Many clients approach us for a transaction, explain the situation and, of course, wish to know how much the legal expenses – what to expect to carry out the transaction.
Frustratingly, we see frequently that when the clients ask other firms they are not given a like for like comparison on fees. Many legal transactions involve several different component parts. Thus they involve different expenses such as notary, land registry, tax office etc, but often we do not see proper breakdowns of fees provided. Clients have a right to these.
When people ask for the fees, they often think of it being only the lawyer’s fees or legal fees. In fact, there are usually a lot of sundry or different administration fees involved in a process. Both within the lawyer’s work and apart. A lawyer is guided on their fees by the scales set by the College of Barristers (Colegio de Abogados) that they belong to. But the fees charged by a Notary and Land Registry for example are out of their control. What they should do is check (if they do not know already), how much the fees might be for a certain transaction, then advise the client. But some lawyers do not bother to do that, they deliberately quote low and then at the end of the proceeding say there is more to pay, having received the actual invoices. The client then gets a nasty surprise.
We have also seen cases whereby the client is not quoted the taxes, such as plusvalía or town hall tax on a probate, then receives the bill some months later directly from the tax office. (Having been totally unaware that this would need to be paid).
Please ask your lawyer for a clear break down of costs before a proceeding starts in order to avoid hidden fees, or surprises at the end of the proceeding.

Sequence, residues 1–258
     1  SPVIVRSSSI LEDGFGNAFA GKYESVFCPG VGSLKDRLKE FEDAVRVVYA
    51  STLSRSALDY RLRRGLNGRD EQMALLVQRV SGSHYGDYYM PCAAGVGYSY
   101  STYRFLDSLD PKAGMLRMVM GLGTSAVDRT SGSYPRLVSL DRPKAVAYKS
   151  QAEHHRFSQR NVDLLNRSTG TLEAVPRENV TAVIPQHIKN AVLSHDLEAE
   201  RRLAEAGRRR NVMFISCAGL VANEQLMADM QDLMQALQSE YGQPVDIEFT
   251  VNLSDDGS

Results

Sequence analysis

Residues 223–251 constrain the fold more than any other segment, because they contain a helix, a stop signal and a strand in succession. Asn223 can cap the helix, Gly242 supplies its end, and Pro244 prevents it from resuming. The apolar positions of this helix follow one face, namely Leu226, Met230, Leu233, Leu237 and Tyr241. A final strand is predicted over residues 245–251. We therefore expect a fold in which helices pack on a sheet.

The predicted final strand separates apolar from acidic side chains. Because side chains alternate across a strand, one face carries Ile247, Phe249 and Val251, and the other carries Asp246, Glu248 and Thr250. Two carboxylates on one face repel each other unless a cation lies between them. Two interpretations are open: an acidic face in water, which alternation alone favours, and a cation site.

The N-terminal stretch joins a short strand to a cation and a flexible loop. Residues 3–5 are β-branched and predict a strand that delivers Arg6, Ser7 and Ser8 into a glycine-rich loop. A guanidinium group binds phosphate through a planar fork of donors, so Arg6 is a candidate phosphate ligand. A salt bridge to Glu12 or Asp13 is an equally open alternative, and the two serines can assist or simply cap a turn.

The clients who have approached us recently with questions about provision of funds received by other solicitors or agents, we have seen they were not proper break downs.
This is not only for conveyancing but also for donations, probates and dissolution of joint ownership proceedings. Clients are often very confused as they don´t know what are they paying for. Or what is involved, A process should be explained.
The Law is very clear in Spain. A client has the right to ask for a complete breakdown of costs, concept by concept. This is in order to know exactly what are they paying for and why. There is no reason not to provide a provision of funds in detail. And no reason for the client not to ask, is that the cost of the whole proceeding? Are there any additional costs that I may need to pay? When we provide a provision of funds in Molina Solicitors, we provide a full breakdown. We also advise any potential additional costs that you may experience in your own country. For example, the cost of signing a power of attorney at a Notary back home or a Hague Apostille from a Foreign Office to legalise a document.
Being informed of the total breakdown of legal expenses is your right. Make sure you are completely clear on what you might need to pay before you start a transaction. Let us know if you have any queries regarding a breakdown of legal expenses.